Brazos Bend State Park Information:
This 5,000 acre park is located on a portion of the original land grant given to Stephen F. Austin’s original colony (the Old 300) by the Mexican government in 1827. The land was purchased in 1975-1976 and opened as a state park in 1984. The park is located on 3.2 miles of Brazos River frontage. Big Creek winds through the park. The creek is shaded by sycamore, cottonwood, and black willow trees. There are eight lakes, including Elm, Hale, 40 Acre Lake, Creekfield Lake, Old Horseshoe, and New Horseshoe Lakes. The park is No. 017 on the Brazoria Birding Loop of the Great Texas Central Coastal Birding Trail. More than 300 species of birds have been sighted. The Houston Museum of Natural Sciences’ George Observatory is located on the park grounds. The park offers gun hunting of white-tailed deer and feral hogs from assigned blinds. Other park activities include camping, picnicking, swimming, mountain and surfaced biking, hiking, horseback riding (bring your own horses), fishing and wildlife viewing. Park entrance and camping fees apply.For more complete park information, read the Park Brochure, watch the Park Video, and go to the Brazos Bend State Park Home Page. From SH 288 go west on FM 1462 and then turn north on FM 762. The route is marked with brown State Park signs. The park is located just east of Needville, Texas. The park is located at 21901 FM 762, Needville, Texas 77461.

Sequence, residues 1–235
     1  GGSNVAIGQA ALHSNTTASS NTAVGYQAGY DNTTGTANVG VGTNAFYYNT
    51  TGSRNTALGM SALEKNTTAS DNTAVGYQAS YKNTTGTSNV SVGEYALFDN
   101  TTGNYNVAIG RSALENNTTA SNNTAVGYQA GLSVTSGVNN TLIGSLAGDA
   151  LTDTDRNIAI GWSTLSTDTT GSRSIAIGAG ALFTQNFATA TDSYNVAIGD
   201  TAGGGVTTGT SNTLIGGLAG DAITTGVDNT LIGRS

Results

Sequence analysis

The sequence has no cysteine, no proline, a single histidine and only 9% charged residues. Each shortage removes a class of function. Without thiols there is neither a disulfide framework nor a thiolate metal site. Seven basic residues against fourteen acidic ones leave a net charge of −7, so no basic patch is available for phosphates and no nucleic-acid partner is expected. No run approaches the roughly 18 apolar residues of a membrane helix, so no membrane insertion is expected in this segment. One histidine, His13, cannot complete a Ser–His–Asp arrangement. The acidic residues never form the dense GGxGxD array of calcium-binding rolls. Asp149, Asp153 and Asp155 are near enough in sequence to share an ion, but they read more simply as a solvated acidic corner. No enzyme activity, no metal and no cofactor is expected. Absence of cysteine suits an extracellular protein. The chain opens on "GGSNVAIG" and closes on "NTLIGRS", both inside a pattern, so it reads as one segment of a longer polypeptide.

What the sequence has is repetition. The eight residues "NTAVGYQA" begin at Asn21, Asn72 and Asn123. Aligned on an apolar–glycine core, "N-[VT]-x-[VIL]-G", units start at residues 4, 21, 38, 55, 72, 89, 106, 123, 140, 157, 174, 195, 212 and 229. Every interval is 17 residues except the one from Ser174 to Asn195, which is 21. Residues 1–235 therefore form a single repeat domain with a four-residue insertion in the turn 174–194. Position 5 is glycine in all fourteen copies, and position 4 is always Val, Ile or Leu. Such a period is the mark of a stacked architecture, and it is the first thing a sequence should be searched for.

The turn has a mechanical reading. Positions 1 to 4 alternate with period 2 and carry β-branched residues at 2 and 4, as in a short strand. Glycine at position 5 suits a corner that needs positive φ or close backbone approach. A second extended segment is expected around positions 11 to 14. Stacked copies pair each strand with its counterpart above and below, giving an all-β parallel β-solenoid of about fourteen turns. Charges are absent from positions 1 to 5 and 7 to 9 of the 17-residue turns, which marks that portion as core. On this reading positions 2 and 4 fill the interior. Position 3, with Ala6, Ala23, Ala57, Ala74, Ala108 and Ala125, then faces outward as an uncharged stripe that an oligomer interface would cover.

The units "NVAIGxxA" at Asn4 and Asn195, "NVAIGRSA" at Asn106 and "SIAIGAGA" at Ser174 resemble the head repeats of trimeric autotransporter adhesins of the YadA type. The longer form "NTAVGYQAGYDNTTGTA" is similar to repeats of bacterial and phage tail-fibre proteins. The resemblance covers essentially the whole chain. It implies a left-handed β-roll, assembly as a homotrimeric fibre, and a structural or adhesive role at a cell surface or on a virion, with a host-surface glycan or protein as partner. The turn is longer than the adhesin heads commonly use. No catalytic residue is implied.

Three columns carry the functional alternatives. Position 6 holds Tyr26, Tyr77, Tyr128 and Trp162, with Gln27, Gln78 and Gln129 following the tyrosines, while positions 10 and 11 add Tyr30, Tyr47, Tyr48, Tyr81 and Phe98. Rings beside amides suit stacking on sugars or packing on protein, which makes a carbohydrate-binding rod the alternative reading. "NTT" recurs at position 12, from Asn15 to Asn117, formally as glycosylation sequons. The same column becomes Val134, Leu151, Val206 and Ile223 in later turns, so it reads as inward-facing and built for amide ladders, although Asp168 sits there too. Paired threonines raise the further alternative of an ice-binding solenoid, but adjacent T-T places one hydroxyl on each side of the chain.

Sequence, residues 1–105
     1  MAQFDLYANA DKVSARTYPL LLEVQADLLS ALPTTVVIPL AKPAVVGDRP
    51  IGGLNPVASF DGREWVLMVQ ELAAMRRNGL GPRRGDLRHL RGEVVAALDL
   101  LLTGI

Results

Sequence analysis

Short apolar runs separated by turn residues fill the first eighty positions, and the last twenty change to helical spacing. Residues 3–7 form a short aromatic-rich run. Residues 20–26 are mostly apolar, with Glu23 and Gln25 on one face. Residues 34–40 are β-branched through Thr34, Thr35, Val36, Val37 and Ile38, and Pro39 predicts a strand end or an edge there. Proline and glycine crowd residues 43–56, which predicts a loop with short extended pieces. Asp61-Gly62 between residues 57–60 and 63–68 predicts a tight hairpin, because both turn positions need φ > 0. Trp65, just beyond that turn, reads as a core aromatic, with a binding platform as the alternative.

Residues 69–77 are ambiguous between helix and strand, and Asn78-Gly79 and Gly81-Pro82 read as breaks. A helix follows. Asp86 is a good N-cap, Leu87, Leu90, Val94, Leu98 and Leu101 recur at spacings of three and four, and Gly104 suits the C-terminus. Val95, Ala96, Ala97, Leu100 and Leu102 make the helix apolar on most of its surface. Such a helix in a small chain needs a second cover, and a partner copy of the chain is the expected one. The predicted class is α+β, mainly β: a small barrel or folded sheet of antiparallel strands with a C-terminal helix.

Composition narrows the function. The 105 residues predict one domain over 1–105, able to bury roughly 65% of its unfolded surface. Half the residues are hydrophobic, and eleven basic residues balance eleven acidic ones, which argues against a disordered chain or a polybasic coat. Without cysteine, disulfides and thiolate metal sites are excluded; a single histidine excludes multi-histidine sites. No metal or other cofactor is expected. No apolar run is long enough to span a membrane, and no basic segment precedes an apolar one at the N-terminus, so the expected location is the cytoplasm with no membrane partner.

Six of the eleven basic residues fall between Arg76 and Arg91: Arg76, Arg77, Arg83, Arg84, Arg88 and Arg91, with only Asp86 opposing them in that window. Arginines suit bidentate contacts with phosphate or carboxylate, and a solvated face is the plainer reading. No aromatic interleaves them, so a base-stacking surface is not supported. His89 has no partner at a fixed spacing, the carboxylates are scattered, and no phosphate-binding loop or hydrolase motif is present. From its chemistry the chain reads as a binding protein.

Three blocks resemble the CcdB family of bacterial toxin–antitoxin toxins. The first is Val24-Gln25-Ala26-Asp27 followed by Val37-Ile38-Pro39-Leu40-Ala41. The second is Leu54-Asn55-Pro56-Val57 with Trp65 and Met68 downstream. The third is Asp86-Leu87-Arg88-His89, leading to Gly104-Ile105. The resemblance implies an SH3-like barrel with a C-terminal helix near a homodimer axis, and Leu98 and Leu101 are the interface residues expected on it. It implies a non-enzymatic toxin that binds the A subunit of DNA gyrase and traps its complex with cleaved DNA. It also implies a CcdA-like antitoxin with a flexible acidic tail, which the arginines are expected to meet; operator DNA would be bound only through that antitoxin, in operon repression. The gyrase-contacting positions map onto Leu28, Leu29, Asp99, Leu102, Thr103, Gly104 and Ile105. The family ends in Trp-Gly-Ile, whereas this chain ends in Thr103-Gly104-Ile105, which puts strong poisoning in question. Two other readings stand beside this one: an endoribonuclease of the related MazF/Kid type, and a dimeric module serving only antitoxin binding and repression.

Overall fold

Justin Hurst Wildlife Management Area Information, Jones Creek: